From the March 31 issue of The Lancet:
The ease of getting to sleep and staying asleep depends not only on previous wake time, but also on associations with the circadian rhythm of core temperature. Sleep is easiest to initiate when core temperature is falling rapidly or is at its lowest, and most difficult when body temperature is rising rapidly or is high. Waking is the opposite of sleep initiation, because it happens when core temperature is rising or is high.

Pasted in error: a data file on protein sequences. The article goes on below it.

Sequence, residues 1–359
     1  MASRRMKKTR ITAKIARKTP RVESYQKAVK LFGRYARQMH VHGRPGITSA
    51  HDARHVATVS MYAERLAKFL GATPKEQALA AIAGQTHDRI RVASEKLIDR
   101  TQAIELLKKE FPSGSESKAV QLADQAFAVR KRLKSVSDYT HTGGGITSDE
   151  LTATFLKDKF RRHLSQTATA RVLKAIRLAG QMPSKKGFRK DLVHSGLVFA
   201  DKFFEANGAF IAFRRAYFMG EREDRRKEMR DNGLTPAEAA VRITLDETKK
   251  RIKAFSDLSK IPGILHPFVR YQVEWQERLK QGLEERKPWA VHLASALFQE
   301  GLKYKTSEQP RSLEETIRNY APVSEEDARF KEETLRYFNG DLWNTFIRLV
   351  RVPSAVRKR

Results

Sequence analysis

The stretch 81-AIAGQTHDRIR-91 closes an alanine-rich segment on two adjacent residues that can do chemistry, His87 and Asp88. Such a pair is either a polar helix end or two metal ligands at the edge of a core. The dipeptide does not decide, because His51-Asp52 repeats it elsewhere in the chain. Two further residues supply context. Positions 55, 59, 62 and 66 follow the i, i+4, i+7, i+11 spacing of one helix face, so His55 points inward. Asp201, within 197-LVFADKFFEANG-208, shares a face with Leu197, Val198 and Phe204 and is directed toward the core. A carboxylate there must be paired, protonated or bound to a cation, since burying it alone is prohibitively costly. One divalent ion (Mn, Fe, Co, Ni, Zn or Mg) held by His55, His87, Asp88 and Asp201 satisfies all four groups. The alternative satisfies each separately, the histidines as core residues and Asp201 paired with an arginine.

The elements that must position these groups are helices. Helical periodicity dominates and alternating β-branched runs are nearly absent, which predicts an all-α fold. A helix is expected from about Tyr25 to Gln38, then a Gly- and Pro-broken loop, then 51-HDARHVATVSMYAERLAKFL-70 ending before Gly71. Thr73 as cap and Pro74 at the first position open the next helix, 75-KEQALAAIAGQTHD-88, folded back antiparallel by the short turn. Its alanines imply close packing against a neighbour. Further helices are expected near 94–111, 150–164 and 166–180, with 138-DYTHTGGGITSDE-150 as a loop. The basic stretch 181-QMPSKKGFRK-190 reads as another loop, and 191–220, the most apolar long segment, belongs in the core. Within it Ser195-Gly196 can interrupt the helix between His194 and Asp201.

Normally, our body is at its coolest in the wee hours of morning, just before 5 a.m. Our body temperature peaks around noon, when we are most awake. I think it’s interesting that, as this Lancet article suggests, body temperature might provide a crucial somatic signal for sleepiness. (So don’t go to the gym and get sweaty right before bedtime. The brain associates heat with wakefulness.) This is yet another example of the William James/Antonio Damasio hypothesis, which is that our flesh plays a crucial role in many different aspects of cognition, emotion and decision-making. This sleep/body temperature theory also jives with my own sleep habits. Much to the chagrin of my girlfriend, I like sleeping in cold conditions. I’ll leave a window open in the middle of winter and turn down the heat so that our home resembles a refrigerator. We don’t have an air-conditioner, but if we did I’d set it on 55 degrees. I thought this was a personal quirk, but now I know that the cooler temperatures are just preparing my mind for sleep. I love when science justifies my habits.